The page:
Transforming Smartphones into PCs
At the Metropolitan State University of Denver in the US, Dominique Hunt was working at his school’s IT Service Desk at the onset of the pandemic. When on-campus resources shut down, many students were left without access to a laptop or desktop computer. The requests for loaner laptops soon exceeded the school’s supply. However, Hunt noticed that while many students didn’t have access to a personal computer, the majority owned a smartphone. This inspired Hunt to design a 3D-printed device that turns a smartphone into a laptop-like experience.

Imagine a laptop with no computing power of its own but which runs off of your smartphone that is plugged in where the trackpad would normally be. It has a screen and a keyboard (with a rechargeable battery) – and the plugged-in smartphone now acts as the trackpad. The “PhoneBook” is intended to be inexpensive and reduces the need for multiple computing devices. Hunt envisions this solution will be useful outside of the US as well, such as in his home country of Kenya, where wireless connectivity is widely available and many people have smartphones.

Closing the Knowledge and Comfort Gap
Family experiences during the pandemic inspired a team of grad students from the Kellogg School of Management in Evanston, Illinois to address the digital divide. Ferrona Lie, a Kellogg student and co-founder and CEO of a venture called Near, was worried about her mother’s health in Indonesia, which is about 10,000 miles away from Evanston and difficult to travel to even in non-COVID times. Lie wanted to find technology that her mom would be comfortable using so that she could help her track her health. Co-founder and CSO Andrew Mueller, meanwhile, found himself unable to visit his grandmother in-person in her assisted living facility, and both his grandmother and the facility staff were uncomfortable using most communication technology devices.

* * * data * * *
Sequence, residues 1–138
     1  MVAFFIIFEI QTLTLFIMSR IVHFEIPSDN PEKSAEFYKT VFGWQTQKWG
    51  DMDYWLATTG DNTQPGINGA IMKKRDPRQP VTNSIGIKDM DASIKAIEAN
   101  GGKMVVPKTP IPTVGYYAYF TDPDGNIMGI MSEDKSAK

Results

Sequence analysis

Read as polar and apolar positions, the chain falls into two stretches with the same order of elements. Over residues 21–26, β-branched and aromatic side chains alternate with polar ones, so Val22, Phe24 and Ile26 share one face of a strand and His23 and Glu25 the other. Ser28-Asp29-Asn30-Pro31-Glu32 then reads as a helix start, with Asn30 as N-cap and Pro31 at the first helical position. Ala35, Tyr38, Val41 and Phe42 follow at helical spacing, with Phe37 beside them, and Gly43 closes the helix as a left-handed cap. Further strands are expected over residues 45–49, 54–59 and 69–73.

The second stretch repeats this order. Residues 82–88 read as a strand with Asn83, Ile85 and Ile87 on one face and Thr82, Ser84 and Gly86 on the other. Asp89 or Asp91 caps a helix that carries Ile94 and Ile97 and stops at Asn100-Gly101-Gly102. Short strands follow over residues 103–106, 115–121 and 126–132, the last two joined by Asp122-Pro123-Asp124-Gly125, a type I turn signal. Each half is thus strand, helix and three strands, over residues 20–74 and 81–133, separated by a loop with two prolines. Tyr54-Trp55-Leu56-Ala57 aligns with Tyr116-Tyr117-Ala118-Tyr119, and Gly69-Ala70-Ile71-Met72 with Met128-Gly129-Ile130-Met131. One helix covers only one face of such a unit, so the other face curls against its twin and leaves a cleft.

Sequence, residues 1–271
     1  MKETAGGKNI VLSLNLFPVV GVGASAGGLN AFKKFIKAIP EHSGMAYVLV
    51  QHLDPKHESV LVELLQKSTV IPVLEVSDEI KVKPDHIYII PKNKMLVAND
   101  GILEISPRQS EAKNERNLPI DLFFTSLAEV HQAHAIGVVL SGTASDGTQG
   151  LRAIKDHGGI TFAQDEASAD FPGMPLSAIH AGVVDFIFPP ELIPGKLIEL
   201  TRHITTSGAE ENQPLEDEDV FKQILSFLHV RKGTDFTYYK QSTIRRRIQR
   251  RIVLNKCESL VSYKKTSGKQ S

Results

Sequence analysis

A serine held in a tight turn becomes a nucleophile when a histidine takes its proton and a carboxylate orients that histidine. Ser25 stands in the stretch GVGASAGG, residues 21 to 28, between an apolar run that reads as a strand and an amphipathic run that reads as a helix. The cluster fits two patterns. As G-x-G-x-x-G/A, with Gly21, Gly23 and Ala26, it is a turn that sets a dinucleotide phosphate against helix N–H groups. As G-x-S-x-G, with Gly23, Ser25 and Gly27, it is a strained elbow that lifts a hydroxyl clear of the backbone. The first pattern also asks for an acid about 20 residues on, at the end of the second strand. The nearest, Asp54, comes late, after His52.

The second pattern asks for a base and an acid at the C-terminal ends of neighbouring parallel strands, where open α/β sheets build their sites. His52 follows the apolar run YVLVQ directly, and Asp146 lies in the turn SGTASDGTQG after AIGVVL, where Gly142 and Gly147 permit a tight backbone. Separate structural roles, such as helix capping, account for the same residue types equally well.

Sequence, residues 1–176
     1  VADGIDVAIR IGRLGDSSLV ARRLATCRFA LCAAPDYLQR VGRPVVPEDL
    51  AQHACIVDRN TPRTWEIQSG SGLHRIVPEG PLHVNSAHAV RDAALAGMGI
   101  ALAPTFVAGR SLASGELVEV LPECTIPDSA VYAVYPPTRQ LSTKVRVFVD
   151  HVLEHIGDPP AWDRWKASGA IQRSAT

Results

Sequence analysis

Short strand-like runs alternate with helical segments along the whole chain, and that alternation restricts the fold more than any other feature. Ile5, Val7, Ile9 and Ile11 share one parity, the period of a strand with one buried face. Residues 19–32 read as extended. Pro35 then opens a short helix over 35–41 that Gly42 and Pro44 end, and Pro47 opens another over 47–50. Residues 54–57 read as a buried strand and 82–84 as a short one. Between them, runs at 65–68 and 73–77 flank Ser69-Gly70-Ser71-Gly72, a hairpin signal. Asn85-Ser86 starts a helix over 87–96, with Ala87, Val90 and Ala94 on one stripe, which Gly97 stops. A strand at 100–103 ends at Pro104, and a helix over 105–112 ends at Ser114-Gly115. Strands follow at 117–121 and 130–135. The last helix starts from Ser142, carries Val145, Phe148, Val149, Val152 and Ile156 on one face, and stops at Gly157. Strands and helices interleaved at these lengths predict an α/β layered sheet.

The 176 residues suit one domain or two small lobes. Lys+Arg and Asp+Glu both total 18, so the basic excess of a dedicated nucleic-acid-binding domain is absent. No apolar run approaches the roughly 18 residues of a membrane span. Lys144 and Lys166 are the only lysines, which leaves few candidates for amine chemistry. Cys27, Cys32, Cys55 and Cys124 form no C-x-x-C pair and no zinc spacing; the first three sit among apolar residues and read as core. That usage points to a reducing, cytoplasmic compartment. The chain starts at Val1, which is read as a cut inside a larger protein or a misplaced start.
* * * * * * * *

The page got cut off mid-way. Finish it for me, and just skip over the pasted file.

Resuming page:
Lie, Mueller, and their team of fellow students launched Near to offer consulting about which existing technologies best fit a family’s needs as well as coaching on setting up and using the devices. Their aim is to help people, especially older adults, gain the comfort and skills to use the technology available to them.

As these designs show, we need multi-pronged approach to close the digital divide. According to Christian Gonzalez-Rivera and Ruth Finkelstein, both of the Brookdale Center for Healthy Aging, there are three components that will allow someone to be able to connect with others and do necessary tasks virtually – or have “meaningful” access to the internet.2 These include: access to good connectivity, access to an internet-compatible device, and knowledge about and comfort with using the internet.

As we emerge out of the pandemic, we won’t be reducing our reliance on technology. “Furthering innovations that increase global access by leveraging digital connectivity is crucial in making sure every person has the chance to live a long and healthy life,” said Alan Goldstein, Managing Director at Procter & Gamble Ventures and a Longevity Design Challenge judge. “The solutions that the student designers developed have the potential to have meaningful global impact well beyond the pandemic.”